When You Worry About Worrying With a Chronic Illness
Moments of clarity often come when you least expect them. I recently sat down at home to watch the movie “Bridge of Spies” – little was I prepared to hear a simple wisdom that I would carry with me for the rest of my days.
Actor Mark Rylance won an Oscar for his portrayal of Russian spy Rudolf Abel, a deeply profound man of few words. Throughout the story, as his situation becomes increasingly dire, his lawyer (James B. Donavan played by Tom Hanks) asks him if he is worried. Abel’s answer is always the same.
“Would it help?”
Consider that for a moment.
I have an anxious disposition. It runs in my family. That’s certainly not a justification for past behavior, but it is a fact. Here’s another fact. It took a rare blood cancer for me to truly start addressing that anxiety, and for me to gain the wisdom that it would not be an easy process. Simple, yes, but never easy.
In 2011, I was diagnosed with a myeloproliferative neoplasm (MPN). In a nutshell, MPNs are a group of diseases that affect normal blood cell production in the bone marrow.
As with all chronic illness, it initially raised many uncertainties – events like these are automatically designed to make us worry.
But then, of course, we get additionally worried that all this worrying will make us even more sick.
And once we realize the absurdity of this thought pattern, we begin to worry that we worry because we worry. It’s what British philosopher and Zen practitioner Alan Watts called the “mind’s vicious circle.”
It’s all far from helpful, which leads us directly back to Abel’s response. In an already difficult situation, why engage in behavior that can only make things worse?
Because, as Watts said, “Once you’ve learned to think, you can’t stop. We are addicted to thoughts. It’s a drug. But you really have to stop if you want to be sane.”
That’s all well and good, but have you ever tried to just stop worrying? It’s not possible. Watts said it’s like trying to smooth out rough water with an iron — the intentions are good, but you will only succeed in making it more turbulent. The only way is to let things be. Eventually the water will become still. Your mind will quieten itself.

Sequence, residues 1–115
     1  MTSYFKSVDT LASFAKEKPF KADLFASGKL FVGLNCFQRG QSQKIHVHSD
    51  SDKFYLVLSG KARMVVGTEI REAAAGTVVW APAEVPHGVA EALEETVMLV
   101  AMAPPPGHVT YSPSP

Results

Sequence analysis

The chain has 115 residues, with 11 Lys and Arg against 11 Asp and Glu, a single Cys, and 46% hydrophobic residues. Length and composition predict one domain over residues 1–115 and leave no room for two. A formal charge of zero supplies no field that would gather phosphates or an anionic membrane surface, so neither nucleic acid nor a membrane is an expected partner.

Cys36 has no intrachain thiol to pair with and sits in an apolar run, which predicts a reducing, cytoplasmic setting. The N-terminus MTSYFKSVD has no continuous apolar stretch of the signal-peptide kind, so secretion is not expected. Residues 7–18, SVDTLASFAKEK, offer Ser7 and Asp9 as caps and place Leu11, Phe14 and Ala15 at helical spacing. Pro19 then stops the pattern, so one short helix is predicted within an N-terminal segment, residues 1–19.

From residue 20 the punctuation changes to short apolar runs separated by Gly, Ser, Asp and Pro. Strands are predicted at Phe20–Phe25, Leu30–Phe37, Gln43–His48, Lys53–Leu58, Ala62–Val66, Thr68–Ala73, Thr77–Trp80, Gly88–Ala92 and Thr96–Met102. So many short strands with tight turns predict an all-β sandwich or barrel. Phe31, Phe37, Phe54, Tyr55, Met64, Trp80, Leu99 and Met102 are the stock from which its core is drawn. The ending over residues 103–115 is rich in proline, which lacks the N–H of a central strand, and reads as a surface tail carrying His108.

It took a while for me to understand what that meant in practical terms. It began with the realization that, for the first time in my life, something had happened where I couldn’t just outrun with empty distractions like material possessions, dopamine rewards and superficial attachments.
I needed to turn inwards – towards my fear – and learn to get comfortable.
After all, I now had a permanent passenger on my journey whether I liked it or not, so I may as well get to know it intimately.
Soon it became clear that the experience of my illness was just a metaphor for a much bigger picture. Life is uncertain. Everything changes. Nothing is permanent. The only things in my control are my thoughts, words and actions in the present moment. Now.
Armed with that simple insight, I found myself led to meditation and I’ve since been able to achieve an element of stillness through regular practice. For me, it at once raises and answers the question of “would it help?” by creating space in my mind where worry cannot exist, or perhaps more accurately, shows me that the things causing me to worry are not worth my mind’s attention. I am slowly learning to detach from them completely.
Of course, there are still the frustrations of bodily symptoms to contend with and how that impacts daily life – not just for myself but for those around me – and I still get flashes of anger when I can’t complete a task, or people don’t seem compassionate enough, or offer ill-begotten words of advice.
But as I stated at the outset, all of this continues to be a work in progress. At least now I can hold onto what I’m learning, and try to use the experience of my illness as an opportunity to grow and benefit others. And hopefully that will help.